Magnificent Madrid

I first visited Madrid a year or so after Franco. It was cheap. The streets seemed deserted. The Prado, the world’s largest paintings museum, was a rather dark and dusty place.

But oh, the art! The exhibition that captured my fancy was about the symbolism in the court paintings of Spanish artists like Goya. It showed how Spain’s best painters made the sad, ignorant rulers look even worse (without, evidently, offending them) and added little touches to the pictures that told the careful observer what the painter really felt about the dingbats in office.

We ate in restaurants serving the most fantastic food I ever tasted in Europe. Elegance was cheap. The dollar was strong.

I remember fondly the “drunken chicken” happily doused in sherry and left to simmer for hours before becoming my dinner.

Across from us sat two prominent and elegantly dressed gentlemen richer than dirt who argued the whole time. Each time the waiter came over with his pad at the ready they shoved aside the menus and the first described a fantastic dish he wanted prepared especially for himself. Then the other had his go at describing an even more fantastic dish. As soon as the waiter turned to leave, the dynamic duo went at each other like dogs. They didn’t eat a thing, but did make the effort to order three extravagant courses before dessert.

When the waiter came to clear away the last of the final, uneaten food, man number one started to describe a fantastic dessert. It gets me hungry just thinking of it. Suddenly the waiter, the veins in his temples visibly throbbing, his cheeks warm with color, halted proceedings and lashed out at the dynamic duo. The food was valuable these lean days! There were people more deserving of it than them!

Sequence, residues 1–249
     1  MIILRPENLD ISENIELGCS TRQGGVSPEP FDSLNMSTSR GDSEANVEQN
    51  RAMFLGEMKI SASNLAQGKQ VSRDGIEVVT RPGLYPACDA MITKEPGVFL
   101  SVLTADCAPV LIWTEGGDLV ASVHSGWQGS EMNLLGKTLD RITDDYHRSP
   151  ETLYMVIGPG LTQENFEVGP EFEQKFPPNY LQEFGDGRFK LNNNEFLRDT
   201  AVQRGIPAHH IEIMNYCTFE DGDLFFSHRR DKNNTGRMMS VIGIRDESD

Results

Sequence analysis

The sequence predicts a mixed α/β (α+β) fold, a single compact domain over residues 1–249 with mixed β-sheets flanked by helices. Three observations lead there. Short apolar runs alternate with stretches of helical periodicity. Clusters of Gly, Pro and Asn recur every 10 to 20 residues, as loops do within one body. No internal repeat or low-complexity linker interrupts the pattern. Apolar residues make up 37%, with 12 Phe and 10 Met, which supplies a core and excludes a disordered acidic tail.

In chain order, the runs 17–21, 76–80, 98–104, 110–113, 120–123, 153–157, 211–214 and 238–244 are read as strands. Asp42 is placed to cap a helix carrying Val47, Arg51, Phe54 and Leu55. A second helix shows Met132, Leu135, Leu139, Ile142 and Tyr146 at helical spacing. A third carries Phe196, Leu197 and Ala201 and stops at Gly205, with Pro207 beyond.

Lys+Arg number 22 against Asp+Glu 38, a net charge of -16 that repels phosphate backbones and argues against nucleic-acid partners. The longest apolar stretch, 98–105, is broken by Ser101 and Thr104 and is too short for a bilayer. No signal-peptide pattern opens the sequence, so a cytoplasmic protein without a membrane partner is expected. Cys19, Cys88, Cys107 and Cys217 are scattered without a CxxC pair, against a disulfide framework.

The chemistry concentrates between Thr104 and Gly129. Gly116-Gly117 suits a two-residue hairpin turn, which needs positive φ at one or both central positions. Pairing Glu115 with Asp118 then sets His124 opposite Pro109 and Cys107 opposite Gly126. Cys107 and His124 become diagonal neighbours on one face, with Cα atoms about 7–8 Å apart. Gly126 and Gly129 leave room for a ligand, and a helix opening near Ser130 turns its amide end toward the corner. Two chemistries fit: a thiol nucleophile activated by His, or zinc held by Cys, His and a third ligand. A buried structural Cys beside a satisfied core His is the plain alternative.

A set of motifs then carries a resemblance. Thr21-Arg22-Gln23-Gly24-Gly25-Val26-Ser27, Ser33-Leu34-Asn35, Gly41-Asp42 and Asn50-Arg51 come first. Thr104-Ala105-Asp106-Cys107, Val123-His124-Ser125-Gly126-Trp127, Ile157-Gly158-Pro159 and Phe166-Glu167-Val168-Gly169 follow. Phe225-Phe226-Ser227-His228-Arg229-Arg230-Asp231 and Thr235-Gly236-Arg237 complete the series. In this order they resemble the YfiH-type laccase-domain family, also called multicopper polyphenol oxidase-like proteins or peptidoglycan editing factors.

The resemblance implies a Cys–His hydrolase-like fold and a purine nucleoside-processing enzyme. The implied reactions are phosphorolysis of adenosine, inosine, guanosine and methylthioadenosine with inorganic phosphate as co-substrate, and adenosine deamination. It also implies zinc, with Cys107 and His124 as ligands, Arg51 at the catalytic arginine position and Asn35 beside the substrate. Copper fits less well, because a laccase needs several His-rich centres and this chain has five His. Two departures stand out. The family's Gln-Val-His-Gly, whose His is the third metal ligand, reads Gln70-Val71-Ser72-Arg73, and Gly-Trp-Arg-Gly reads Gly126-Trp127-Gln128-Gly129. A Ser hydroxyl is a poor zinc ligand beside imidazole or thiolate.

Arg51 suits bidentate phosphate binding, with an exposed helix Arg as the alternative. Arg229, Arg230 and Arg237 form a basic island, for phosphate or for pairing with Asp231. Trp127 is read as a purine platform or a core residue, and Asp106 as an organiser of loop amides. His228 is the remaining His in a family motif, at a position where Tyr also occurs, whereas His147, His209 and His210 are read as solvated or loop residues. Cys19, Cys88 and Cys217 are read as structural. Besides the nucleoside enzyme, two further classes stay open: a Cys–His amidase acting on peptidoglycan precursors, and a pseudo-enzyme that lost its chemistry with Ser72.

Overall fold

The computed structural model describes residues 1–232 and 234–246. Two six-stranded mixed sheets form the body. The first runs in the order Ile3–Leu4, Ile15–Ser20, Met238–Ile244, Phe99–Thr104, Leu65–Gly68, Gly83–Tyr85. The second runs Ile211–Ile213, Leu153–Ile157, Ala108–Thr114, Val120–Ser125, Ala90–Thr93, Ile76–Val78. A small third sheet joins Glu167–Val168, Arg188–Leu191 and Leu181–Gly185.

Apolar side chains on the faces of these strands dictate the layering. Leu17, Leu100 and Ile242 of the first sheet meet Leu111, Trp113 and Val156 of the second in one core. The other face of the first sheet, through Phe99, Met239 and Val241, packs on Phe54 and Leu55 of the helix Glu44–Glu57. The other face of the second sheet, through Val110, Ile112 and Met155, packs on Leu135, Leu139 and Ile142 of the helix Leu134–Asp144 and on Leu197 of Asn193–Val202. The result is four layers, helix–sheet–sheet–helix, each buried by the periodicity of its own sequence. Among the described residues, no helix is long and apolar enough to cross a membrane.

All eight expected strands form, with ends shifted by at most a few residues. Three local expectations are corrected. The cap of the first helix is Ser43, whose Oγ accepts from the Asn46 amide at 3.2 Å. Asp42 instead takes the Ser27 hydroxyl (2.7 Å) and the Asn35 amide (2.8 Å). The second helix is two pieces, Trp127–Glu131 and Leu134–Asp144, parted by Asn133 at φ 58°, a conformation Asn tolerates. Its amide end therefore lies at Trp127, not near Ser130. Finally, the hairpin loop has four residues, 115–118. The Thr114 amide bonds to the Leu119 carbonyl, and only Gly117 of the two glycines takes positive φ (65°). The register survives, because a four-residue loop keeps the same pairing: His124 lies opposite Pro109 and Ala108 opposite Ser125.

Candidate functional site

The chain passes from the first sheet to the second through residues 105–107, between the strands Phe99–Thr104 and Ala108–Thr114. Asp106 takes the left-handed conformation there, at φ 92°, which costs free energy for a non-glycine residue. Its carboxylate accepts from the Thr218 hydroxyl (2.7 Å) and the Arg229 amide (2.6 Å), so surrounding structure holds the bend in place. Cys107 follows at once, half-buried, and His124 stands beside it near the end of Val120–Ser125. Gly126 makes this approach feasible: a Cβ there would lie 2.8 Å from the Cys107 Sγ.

And thus, he announced, he would not be serving them desert. The two men looked at each other as if they had lost their dog and had no idea of where to look for it. As the waiter turned smartly to leave, I wanted to yell, “Bravo!” but stopped myself just in time. Who knew then what the political implications might have been?

Today, Madrid is a thriving city of people who have come to know the value of good food and good living. Madrid never sleeps. And these days you can get into the renovated Prado free in the evenings–from 6pm until 8pm from Tuesday to Saturday and from 5pm until 8pm on Sundays. Thus you can go each night for a tapa-sized helping of art, so you don’t contract the dreaded Art Overload Disease.

And remember, because Madrid never sleeps it’s a great place to go when you’ve just gotten off the plane and your internal clock is all discombobulated anyway. You can party until the sun comes up. Or not.

Madrid vacation rental apartmentWhat you need, then, is a place to stay where you can sleep any time without suffering the embarrassment of having the maid waltz in to change the sheets while you’re sawing logs under them in the altogether. I suggest this charming city center apartment in Madrid.

You’ll have your own bed to sleep in when you want, without interruption. And you’ll have a washing machine to erase the evidence acquired from those long nights out on the town when you’re not in any shape to pay attention to the sherry dripping down your chin in a brown stream that drunkenly stripes the front of the white shirt you unfortunately chose to wear.

And for you women out there–this vacation rental has an independent shoe cupboard! You can go crazy shoe shopping in Madrid! (In the interest of journalistic gender neutrality I suppose I have to admit that men might also acquire an inordinate desire for obscene multiples of cow-based foot coverings for which there is no known treatment. I should know, my mother has this disease and is untreatable.)

Anyway, travel on. Shoeless or not.

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